May BahrainMay’s backstory is revealed at long last, and it turns out “the Cavalry” wasn’t quite the badass nickname it always seemed to be. More traumatic, really. We also get to see more of Skye, Raina, and the Inhuman encampment they call Afterlife. It’s not the strongest episode of the season, but last week was a tough act to follow.


Based on everything we thought we knew about May, this seemed to be set up as an action-heavy episode, but the reality was far from it. That’s not to say there weren’t fight scenes, but May blowing through an army of superpowered villains alone, as some of the rumors about her would have us believe, was a far cry from what we saw. Instead of being a moment of asskicking, the incident that spawns her nickname is a dramatic one, full of misunderstanding and regret. The decision to reveal the events in Bahrain now serve to support and explain the decisions she makes in the present of this episode–namely, taking “real” SHIELD’s warnings about Coulson seriously and digging into this Theta Protocol, which might actually be dangerous. Keep in mind, there were a number of scenes early on of Coulson flipping through that holographic interface and communicating with people through it, almost always dismissing it before anyone else could enter the room. He’s definitely hiding something, but for the audience to sympathize with May’s second guessing of him, this kind of justification was absolutely necessary.

Skye also mentions her orphanage, which seems to be the same one Daredevil was sent to.

Skye also mentions her orphanage, which seems to be the same one Daredevil was sent to.

It’s interesting to see how the old May of 7 years ago (you know, right beforeĀ Iron Man) compares to our modern character. The obvious difference is that she’s less guarded; the ice queen exterior that was her only character trait at the start is completely absent. She’s also less certain of herself, which seems like an odd choice at first glance. But it seems that rather than allowing the Bahrain incident to shake her confidence and cause her to second guess herself, it actually led to the opposite reaction, where she’s trained herself to be ready for every situation–to ensure that nothing like this ever happens again. It also provides context for a lot of earlier episodes, particularly her bout with the Berserker staff in “The Well.” I’d be willing to bet watching season 1 will be a different experience after this. The young actress who played the girl did an amazing job, and I can only imagine how intimidating it is to act against Ming-Na Wen as a kid. All in all, the flashback sections are well-structured and engaging, something that’s not always seen in flashbacks, so it’s definitely the highlight of the episode.

The B-plot of this episode involves Skye and the Inhumans, with her mother Jiaying coaching her through the development of her powers. The parallel between Skye and her mother and the woman in May’s flashbacks and her child are pretty clear, and indeed are spelled out explicitly. It is a bit of coincidence to have the May flashbacks be the same story that Skye’s mother tells, but it’s the kind of thing that’s forgivable in fiction; conservation of detail and all that. The parallels go a bit farther than they appear to in the episode, however. In season 1 episode “Seeds”, when discussing Skye’s parents, it is stated that a SHIELD team (likely HYDRA in disguise) who entered the town where she was found were completely slaughtered, along with almost all the residents. Could it have been Cal, or possibly Jiaying herself? While this was stated to occur in 1991, and Skye’s mother was killed in 1989, we also know Cal put her back together not long after she was killed. 2 years is definitely enough time that she might have healed. Ward did once claim that Cal had killed the the entire village, but Jiaying admits that she was once as obsessive and dangerous as Cal, too, so it’s entirely possible she held some responsibility for what happened there. And if so, that’s a very close parallel to the lengths gone to by the woman in May’s flashbacks. No wonder the Inhuman elders are worried about Skye.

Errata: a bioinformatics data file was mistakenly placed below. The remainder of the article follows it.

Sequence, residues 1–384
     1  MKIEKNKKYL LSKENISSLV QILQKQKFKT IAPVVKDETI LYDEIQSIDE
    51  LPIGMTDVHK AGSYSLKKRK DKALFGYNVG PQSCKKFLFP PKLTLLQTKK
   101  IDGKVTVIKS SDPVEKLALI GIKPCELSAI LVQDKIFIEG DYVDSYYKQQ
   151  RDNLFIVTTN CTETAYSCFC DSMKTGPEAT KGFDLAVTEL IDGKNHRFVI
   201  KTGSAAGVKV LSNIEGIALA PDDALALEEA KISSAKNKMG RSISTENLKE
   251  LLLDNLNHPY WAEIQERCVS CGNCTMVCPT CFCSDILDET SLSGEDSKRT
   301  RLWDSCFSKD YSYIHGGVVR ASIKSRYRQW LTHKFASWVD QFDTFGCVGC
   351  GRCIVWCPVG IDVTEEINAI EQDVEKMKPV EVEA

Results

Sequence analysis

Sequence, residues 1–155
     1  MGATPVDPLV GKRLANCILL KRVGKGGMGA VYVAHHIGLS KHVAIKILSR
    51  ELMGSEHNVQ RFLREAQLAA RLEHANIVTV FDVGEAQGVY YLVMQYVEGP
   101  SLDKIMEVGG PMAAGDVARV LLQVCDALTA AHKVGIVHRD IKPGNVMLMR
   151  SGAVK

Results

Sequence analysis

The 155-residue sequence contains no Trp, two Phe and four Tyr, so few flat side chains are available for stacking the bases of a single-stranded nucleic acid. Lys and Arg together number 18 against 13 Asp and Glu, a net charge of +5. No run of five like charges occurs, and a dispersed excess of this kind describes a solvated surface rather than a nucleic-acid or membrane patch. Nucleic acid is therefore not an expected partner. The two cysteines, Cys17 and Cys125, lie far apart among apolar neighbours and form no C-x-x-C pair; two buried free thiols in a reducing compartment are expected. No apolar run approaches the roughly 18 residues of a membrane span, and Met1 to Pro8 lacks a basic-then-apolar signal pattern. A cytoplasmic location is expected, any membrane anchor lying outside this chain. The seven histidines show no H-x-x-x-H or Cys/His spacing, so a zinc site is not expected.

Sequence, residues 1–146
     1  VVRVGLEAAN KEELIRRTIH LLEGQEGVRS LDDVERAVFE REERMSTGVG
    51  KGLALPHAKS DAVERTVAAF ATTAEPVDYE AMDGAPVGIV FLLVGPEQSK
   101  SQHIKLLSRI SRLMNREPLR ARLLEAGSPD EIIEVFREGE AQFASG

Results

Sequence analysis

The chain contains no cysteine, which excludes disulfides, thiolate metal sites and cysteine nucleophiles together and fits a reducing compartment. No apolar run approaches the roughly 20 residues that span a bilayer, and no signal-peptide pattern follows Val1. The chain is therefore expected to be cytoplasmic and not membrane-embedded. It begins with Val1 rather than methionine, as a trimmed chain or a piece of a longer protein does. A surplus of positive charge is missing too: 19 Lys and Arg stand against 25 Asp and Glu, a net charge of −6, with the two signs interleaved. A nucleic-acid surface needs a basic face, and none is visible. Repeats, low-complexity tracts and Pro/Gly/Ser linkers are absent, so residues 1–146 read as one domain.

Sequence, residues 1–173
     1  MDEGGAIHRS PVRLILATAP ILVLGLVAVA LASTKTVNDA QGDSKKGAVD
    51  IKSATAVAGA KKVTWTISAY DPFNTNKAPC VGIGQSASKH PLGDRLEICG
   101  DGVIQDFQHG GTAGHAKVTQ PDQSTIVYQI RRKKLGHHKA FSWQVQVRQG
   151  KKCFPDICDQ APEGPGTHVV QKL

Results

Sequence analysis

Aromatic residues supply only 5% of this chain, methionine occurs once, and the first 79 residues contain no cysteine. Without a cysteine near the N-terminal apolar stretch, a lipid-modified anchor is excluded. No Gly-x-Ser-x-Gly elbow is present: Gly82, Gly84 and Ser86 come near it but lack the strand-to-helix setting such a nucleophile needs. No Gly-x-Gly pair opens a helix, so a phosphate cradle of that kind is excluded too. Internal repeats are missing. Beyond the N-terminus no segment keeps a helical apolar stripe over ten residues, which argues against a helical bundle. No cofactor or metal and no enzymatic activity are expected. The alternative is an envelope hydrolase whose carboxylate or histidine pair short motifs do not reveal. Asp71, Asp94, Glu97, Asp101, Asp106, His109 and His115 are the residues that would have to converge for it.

As difficult as the transition may be for Skye, that's no comparison to changing visibly as well.

As difficult as the transition may be for Skye, that’s no comparison to changing visibly as well.

The other aspect of the Inhuman side of the episode is Raina’s powers and the subsequent revelation that she possesses precognitive abilities. It’s interesting to note that Raina spent most of season 1 trying to get close to the man going by the name “The Clairvoyant,” specifically to find out what she would become, he turned out to be a fraud. Now that she’s undergone that transformation, it turns out that she’s become a true clairvoyant after all. That also leads one to wonder whether her nightmares might also be visions of horrible things to come. Beyond that aspect, Gordon and Raina’s relationship is always a delight to see. As someone whose experience with the Terrigenesis process was no doubt difficult and, at least initially, caused him to suffer, there’s no better character than Gordon to mentor Raina and help her come to terms with her own. Hopefully, he doesn’t share any of her disdain for humanity, although that still remains to be seen. I’m really looking forward to how her arc progresses.

All in all, it’s a good episode, but it did feel like a little bit of a stall. There was no progress towards… whatever goal Coulson and Hunter have right now, as they were pretty much relegated to a brief spot at the end. So while it was entertaining, it did place the story arc on the back burner and not everyone’s going to like that. As for next week, we saw practically nothing in the preview; it was basically just Avengers 2 footage. We do know Ward and Agent 33 will appear, but little else. What does that mean? Come back for “The Frenemy of my Enemy” next week to find out.